Jun 26, 2008 — Gabrielle Hiller, an incoming senior at Ma’ayanot Yeshiva High School for Girls in Teaneck, NJ, has just wrapped up an intense year of fast-paced Gemara study that had her studying three or four hours a week outside of class for a series of competitive tests. The extra hours paid off—quite literally—when she was recently placed first in the girls’ section of Yeshiva University’s Bronka Weintraub Bekius Program, winning her a cash prize of $5,000.
Some 250 students from grades nine through 12 at yeshivot across North America competed in this first year of the program, which falls under the auspices of Rabbi Isaac Elchanan Theological Seminary (RIETS). Students took five exams during the school year, for which they were given cash prizes based on their performance.
“Participating students broadened their Torah horizons and forged a lifelong love of learning,” said Rabbi Ezra Schwartz, who created the program. Rabbi Schwartz is bochein (examiner of incoming students) at RIETS, and teaches Talmud in the Irving I. Stone Beit Midrash Program.
The competition exposed the participants to a new type of learning. “The program was awesome,” said Hiller. “I had never learned a whole masechta [Talmudic tractate] before. That was the most exciting part for me.”
She would learn and take notes on her own and then consult an English translation when she needed help. “I gained so much experience and skills, and it definitely made me more confident,” said Hiller.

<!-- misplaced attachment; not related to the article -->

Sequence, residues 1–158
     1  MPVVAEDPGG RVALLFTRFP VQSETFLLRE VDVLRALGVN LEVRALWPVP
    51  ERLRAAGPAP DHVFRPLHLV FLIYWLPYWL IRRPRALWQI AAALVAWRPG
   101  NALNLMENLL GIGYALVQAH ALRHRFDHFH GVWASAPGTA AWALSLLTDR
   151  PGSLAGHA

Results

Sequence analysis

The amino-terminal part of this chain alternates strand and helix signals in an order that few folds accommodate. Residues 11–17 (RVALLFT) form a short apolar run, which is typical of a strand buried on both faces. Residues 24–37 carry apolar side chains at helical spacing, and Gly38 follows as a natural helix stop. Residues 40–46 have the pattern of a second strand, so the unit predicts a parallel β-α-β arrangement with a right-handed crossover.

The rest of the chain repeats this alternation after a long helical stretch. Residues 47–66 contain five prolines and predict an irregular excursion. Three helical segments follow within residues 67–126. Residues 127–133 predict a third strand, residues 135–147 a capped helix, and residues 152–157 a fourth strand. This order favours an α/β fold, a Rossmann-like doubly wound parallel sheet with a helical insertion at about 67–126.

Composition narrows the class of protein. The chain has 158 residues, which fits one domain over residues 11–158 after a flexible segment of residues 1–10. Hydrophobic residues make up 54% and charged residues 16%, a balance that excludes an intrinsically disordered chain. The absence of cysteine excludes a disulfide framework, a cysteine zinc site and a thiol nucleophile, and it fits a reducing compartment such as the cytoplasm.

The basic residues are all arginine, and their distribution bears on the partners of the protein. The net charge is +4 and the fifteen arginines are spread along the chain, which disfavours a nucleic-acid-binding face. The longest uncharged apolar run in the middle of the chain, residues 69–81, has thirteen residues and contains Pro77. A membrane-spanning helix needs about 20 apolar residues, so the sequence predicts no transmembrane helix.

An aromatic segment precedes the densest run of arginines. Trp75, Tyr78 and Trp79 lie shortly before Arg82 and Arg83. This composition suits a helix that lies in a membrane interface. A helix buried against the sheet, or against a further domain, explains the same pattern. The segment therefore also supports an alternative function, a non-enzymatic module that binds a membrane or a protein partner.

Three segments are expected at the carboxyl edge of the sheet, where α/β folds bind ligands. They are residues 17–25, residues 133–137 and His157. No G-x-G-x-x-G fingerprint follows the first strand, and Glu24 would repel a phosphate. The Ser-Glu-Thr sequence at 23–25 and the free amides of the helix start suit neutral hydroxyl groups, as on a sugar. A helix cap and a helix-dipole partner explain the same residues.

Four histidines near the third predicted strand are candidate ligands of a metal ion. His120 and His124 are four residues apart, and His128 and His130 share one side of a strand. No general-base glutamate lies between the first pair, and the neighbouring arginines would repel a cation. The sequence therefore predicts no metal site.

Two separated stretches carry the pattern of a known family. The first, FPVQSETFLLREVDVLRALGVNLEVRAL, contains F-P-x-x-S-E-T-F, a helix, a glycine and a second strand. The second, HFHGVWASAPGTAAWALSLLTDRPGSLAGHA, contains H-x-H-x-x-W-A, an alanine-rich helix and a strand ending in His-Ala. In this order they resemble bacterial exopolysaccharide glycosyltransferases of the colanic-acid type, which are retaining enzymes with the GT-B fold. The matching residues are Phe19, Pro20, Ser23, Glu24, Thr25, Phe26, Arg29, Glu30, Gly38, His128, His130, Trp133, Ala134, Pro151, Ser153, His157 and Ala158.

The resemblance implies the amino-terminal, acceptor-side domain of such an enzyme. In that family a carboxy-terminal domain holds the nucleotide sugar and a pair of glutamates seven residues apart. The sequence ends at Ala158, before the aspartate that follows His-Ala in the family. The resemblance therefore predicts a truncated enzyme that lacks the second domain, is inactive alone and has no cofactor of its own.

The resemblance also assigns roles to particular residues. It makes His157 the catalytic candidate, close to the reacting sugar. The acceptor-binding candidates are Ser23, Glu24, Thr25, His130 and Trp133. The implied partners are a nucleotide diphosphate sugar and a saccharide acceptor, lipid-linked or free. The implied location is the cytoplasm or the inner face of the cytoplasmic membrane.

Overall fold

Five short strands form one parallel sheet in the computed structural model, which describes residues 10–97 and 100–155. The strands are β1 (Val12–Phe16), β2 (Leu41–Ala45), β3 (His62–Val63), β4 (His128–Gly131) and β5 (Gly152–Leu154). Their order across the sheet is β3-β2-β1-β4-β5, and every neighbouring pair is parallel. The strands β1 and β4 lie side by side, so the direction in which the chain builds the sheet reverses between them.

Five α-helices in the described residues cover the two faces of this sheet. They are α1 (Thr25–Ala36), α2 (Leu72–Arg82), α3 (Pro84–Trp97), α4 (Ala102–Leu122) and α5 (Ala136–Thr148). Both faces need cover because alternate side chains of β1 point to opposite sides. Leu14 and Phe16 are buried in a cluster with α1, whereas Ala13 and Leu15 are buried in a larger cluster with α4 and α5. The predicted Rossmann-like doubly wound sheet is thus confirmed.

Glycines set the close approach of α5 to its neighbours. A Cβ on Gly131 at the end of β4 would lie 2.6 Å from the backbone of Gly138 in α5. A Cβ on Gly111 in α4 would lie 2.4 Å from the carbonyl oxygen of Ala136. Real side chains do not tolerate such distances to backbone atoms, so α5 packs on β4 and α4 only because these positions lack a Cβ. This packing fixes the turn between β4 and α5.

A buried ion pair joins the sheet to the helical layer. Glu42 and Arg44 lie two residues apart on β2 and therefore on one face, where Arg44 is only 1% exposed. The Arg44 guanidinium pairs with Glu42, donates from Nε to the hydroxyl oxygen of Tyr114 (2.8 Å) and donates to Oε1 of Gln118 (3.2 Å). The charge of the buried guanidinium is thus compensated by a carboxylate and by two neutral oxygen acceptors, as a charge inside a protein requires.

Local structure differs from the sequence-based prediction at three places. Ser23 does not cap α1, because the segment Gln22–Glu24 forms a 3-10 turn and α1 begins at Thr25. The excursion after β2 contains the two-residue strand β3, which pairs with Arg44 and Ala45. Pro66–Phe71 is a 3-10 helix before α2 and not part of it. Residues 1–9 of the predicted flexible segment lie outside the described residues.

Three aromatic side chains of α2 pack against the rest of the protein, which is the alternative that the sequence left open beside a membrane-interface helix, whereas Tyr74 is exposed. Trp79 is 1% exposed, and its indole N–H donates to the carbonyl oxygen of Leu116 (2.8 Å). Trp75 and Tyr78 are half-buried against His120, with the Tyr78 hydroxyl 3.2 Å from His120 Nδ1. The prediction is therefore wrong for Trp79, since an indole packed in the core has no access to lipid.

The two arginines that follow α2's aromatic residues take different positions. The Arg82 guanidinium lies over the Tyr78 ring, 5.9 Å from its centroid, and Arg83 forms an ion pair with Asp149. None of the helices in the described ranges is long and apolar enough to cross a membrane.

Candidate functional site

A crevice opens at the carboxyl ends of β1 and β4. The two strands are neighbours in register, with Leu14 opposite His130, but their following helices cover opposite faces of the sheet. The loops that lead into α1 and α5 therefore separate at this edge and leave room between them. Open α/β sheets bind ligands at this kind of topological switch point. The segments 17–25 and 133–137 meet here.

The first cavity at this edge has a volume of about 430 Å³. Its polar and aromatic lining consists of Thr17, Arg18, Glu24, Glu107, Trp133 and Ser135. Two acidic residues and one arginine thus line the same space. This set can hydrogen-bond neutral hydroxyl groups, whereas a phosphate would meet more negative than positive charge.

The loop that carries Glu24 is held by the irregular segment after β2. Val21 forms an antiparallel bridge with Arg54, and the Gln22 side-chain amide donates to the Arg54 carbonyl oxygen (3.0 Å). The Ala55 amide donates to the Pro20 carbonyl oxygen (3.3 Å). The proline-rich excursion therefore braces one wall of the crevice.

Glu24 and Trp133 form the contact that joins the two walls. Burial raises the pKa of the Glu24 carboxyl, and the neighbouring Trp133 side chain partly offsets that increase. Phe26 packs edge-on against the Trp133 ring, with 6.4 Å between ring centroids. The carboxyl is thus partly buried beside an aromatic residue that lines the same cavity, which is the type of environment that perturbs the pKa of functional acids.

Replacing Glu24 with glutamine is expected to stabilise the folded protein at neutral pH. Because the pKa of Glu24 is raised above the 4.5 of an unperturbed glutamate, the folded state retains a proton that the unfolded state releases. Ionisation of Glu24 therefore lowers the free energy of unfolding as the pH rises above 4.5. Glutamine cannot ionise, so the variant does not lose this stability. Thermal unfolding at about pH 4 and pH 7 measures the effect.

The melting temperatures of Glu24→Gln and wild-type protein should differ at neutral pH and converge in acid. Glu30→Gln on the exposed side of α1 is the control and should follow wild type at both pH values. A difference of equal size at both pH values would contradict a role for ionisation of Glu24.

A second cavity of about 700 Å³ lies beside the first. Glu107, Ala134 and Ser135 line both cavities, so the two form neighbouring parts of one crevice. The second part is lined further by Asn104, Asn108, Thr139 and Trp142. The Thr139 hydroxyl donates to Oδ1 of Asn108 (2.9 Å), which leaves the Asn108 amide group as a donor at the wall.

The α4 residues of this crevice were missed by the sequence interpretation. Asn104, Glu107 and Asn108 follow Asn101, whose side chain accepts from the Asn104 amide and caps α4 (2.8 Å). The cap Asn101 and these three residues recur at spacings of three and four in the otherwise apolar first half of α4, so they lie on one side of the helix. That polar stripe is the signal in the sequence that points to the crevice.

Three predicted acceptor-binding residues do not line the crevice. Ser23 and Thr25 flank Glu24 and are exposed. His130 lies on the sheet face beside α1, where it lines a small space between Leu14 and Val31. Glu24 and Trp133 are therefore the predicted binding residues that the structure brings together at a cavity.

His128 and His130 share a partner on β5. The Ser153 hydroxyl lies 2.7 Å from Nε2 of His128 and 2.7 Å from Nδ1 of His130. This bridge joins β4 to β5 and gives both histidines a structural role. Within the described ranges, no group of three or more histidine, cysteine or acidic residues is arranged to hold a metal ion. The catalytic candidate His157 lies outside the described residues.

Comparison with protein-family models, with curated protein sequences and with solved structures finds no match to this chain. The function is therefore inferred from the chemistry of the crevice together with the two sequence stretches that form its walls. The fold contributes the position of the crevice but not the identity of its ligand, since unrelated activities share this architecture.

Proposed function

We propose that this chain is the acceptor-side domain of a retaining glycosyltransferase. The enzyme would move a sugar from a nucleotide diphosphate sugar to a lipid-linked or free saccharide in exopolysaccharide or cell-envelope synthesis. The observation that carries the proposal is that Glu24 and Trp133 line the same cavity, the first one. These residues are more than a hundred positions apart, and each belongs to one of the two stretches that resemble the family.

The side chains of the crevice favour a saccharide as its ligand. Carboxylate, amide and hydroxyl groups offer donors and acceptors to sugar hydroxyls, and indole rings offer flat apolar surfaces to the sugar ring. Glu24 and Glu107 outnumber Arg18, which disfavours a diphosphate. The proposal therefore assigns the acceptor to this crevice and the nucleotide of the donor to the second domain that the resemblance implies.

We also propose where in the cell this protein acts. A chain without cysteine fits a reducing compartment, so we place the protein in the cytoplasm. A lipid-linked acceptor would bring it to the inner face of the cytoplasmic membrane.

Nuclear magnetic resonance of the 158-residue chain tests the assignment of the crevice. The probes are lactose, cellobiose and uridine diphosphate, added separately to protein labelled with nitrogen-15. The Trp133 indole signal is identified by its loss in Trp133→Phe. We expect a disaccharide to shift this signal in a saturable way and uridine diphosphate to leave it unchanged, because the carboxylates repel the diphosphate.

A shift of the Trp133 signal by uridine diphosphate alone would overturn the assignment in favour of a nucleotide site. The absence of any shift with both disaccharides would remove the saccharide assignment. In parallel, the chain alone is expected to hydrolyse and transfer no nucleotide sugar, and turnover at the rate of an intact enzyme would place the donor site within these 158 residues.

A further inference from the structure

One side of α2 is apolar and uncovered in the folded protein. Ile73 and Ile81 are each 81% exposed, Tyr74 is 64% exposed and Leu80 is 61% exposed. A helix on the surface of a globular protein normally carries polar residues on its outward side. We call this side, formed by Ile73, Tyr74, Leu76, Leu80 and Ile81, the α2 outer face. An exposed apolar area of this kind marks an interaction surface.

Michal Elias Bachrach, from the Stern Hebrew High School, won second place in the girls’ division, while Ariel Karp, from the Yeshivah of Flatbush, came in third.
Elie Weintraub, from the Yeshivah of Flatbush, and Yisrael Witty, from Yeshivat Or Chaim, tied for first place in the boys’ division. Elie’s twin brother, Hillel, won third place.
Rabbi Schwartz is confident the number of yeshivot participating in the program—18 this past year—will at least double in the near future.
The program has been named for Bronka Weintraub, z”l, a generous donor to Yeshiva University who endowed the Bronka Weintraub Chair in Talmud at RIETS, which is currently occupied by Rabbi Hershel Reichman. She was also a founder and benefactor of Albert Einstein College of Medicine.